Craig Wolfe's career history includes working with the largest publisher of artwork from television commercials in the world. Wolfe credits his transition into his current role – as president of one of the world's foremost rubber duck businesses – to his long-term partnership with his Chinese manufacturer.
“A friend had this idea at a party to make rubber ducks that look like celebrities. I think most people would have ignored it, except I thought it was a really funny concept," explains Wolfe, who at the time had never tried to manufacture overseas.
“I called [print syndication company] King Features. They own the rights to Betty Boop. I told them I wanted to do a prototype Betty Boop duck, and they couldn't get me off the phone quick enough. They were trying to be polite, and said, 'Do it and get back to us', thinking they'll never hear from me again.
“But I found a US marketing company with a relationship with someone in China and they knew a factory that made me a prototype of Betty Boop as a rubber duck. I sent it to King Features and they said, 'Let's talk'. That was the beginning. I thought, 'It's just rubber duck. How hard could it be?' I'll tell you how hard. You're dealing with a country thousands of miles away, you don't speak the language and you have very different ideas about quality.”
Communication is key when quality control is at stake
Wolfe says the first ducks were horrid. “I did five thousand Betty Boop ducks and five thousand Groucho Marx ducks. They were too big, they were too hard, and they didn't float. It was a disaster. Yet we sold most of them."
Then one day, he was contacted by a local Taiwanese agent who called about handling Wolfe's manufacturing. “He had a relationship with a factory in China and he said he could make my ducks the way I wanted them. That changed everything. I finally had a counterpart who could work with a Chinese factory and hold them accountable for quality control. That made all the difference."
The factory made a duck in the likeness of Philadelphia 76ers' superstar, Allen Iverson, that Wolfe says, “looked more like him than he did."
It was the genesis of the business Wolfe runs today. He subsequently started working directly with the factories that make his ducks and he's now been working with the same team for 20 years. He makes ducks for iconic brands including Harley-Davidson, Sea World and Amazon's Zappos division.
Part of the reason why the relationship has been so successful is because of the quality of the ducks, the high-quality packaging they come in and the attention to detail in the design. Everything is manufactured in China, which helps to cement the trusted relationship between Wolfe and his Chinese team.
“They will do tens of thousands of dollars of work, in advance, before I pay them, knowing I'll pay them. Then, they'll ship it. I don't even have to make a deposit. That's the trusting relationship we have," he explains.
Wolfe says building this level of trust starts by communicating expectations about levels of quality. “If you don't hold your manufacturers to a high standard, they will always do what's easier. If you see something that's not right at your end and don't mention it to them, it won't get fixed. I'm constantly training their quality control to have my eyes without me standing over them."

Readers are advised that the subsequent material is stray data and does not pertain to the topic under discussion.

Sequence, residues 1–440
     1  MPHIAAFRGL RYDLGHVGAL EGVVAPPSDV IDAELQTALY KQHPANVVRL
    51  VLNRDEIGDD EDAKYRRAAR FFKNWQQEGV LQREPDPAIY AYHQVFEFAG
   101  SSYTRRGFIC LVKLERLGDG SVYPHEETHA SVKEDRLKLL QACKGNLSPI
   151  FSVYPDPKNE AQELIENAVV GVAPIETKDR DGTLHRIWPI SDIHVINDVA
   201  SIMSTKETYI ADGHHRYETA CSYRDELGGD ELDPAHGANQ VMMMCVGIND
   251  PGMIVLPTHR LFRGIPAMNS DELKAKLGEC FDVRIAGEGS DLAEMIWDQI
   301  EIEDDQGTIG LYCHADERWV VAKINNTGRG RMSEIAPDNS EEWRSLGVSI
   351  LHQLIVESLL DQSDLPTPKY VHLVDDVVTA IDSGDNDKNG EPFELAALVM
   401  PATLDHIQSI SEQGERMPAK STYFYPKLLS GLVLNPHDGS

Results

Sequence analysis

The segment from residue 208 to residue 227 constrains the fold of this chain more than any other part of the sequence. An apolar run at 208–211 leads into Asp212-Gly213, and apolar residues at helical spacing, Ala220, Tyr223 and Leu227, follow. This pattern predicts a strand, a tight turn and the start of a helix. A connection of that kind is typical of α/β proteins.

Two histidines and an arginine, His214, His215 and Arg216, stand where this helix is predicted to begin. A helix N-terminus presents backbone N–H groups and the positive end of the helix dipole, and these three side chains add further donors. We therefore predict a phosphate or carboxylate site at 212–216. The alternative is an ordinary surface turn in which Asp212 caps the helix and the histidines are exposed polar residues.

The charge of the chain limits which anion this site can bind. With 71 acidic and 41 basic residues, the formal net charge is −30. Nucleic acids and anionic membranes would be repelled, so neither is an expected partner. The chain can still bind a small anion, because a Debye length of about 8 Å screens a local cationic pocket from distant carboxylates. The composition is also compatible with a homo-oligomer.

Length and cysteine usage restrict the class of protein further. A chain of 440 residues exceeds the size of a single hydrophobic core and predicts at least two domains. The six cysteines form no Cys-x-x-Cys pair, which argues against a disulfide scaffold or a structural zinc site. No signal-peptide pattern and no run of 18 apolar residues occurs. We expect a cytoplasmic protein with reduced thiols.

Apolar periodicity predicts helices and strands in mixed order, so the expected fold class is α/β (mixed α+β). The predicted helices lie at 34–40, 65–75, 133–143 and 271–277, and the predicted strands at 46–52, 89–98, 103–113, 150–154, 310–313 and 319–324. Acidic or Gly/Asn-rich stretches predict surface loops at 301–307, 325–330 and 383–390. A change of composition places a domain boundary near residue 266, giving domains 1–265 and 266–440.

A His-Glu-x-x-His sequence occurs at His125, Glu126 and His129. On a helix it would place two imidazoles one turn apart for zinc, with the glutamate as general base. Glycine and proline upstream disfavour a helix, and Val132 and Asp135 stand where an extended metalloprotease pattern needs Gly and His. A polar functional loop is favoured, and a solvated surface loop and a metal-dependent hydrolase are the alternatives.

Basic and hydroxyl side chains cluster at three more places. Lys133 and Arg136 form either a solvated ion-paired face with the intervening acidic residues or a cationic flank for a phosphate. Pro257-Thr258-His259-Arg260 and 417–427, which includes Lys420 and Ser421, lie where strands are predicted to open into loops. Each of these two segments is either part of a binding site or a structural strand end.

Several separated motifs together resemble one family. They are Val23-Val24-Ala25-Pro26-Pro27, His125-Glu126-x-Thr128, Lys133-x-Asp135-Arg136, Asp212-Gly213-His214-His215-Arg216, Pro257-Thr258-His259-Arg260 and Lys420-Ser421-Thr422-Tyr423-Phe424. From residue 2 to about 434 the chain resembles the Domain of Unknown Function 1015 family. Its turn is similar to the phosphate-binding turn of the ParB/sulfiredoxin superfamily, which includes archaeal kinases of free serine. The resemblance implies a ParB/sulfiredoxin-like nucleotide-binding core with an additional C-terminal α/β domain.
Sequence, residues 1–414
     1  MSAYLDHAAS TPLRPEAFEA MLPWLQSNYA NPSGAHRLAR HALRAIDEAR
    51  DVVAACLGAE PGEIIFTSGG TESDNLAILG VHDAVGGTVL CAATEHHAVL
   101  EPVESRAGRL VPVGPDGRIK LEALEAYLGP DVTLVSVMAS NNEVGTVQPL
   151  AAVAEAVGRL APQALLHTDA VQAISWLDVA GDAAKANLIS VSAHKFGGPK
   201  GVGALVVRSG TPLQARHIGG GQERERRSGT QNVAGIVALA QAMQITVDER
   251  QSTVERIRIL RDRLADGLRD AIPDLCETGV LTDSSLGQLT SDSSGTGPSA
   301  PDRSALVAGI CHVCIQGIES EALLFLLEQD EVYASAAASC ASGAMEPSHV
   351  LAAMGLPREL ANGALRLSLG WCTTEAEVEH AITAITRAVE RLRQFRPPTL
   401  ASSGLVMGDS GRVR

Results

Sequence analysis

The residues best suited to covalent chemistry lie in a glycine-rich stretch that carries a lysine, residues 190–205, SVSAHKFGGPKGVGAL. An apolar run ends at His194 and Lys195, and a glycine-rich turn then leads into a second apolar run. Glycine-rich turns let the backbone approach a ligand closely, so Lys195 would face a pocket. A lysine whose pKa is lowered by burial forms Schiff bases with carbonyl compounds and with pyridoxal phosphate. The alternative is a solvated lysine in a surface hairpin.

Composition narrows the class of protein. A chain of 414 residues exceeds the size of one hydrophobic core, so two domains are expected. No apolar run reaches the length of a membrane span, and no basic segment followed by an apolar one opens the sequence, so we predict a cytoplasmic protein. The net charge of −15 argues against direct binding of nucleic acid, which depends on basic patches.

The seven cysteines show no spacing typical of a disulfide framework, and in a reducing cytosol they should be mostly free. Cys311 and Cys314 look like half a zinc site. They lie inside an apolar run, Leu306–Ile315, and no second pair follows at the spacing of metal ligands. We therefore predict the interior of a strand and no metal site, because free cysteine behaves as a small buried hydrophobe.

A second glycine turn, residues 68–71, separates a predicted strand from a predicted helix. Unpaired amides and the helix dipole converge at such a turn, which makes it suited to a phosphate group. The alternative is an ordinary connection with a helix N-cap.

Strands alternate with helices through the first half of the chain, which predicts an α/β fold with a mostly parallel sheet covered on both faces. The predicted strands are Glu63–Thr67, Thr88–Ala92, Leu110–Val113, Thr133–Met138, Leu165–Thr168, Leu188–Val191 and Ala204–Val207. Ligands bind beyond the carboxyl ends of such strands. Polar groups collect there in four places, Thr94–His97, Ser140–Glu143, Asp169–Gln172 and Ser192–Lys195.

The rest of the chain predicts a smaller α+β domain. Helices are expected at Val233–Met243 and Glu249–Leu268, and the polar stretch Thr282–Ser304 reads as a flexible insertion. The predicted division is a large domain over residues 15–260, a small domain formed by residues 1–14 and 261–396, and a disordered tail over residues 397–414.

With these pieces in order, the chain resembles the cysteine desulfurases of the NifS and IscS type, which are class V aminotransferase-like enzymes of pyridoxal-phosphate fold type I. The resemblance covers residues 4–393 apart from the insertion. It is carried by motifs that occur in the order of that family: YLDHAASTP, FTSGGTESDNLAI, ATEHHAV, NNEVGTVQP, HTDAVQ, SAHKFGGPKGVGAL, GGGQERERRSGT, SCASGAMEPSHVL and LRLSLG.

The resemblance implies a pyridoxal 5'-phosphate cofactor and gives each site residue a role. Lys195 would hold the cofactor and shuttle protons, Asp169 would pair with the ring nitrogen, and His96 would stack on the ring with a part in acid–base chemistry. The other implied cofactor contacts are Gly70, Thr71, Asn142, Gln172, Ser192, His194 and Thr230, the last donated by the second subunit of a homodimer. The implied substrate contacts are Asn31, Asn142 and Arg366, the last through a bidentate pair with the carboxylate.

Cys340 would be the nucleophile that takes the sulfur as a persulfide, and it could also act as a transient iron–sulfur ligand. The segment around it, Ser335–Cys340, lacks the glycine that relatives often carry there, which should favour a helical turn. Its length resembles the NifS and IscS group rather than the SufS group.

Win-win means the relationship works for both parties
It's also in the factory's interest to keep Wolfe happy given he's one of its biggest customers. “But it has to be a win-win for both sides; that's how you make it work with a Chinese partner. It can't be one sided," he explains.
Wolfe says the best way to manage the language barrier is for communication to take place via email. “My Chinese partner's written English is excellent, but phone communication is not as good. So almost all communication is via e-mail. Only when there is a real problem do we have to have a phone call." This might include making sure everyone understands how essential it is to meet deadlines for certain jobs.
“But we rarely have to get on the phone; I can count on two hands the number of times I've been on the phone with these people in 20 years," he adds.
Wolfe says he's constantly approached by other factories who want to manufacture his ducks, but he's sticking with his existing team.
“Every day, I get an email from another factory that wants to work with me. I've tried them from time to time, but the others are never as good as my crack crew. They are not the biggest factory, so they have trouble handling my volume sometimes. But I would rather turn away business and do less, but ensure my ducks are manufactured properly, than get involved with a factory that can take more volume, without the same level of attention and quality control I demand.
“I value relationships more than money because in the end, good relationships will produce more money. In China trust means a lot. Things like honour and respect are really big issues. I have that with my people and they have that with me. Like family, sometimes there are blow ups, but they're your family. You always work it out."
The message for CFOs is to focus on building relationships across the business and its stakeholders to get the best result for the business over time.
- Communication is key, especially when it comes to quality control issues.
- The relationship must work for both parties for it to be a success.
- It's essential for there to be respect on both sides.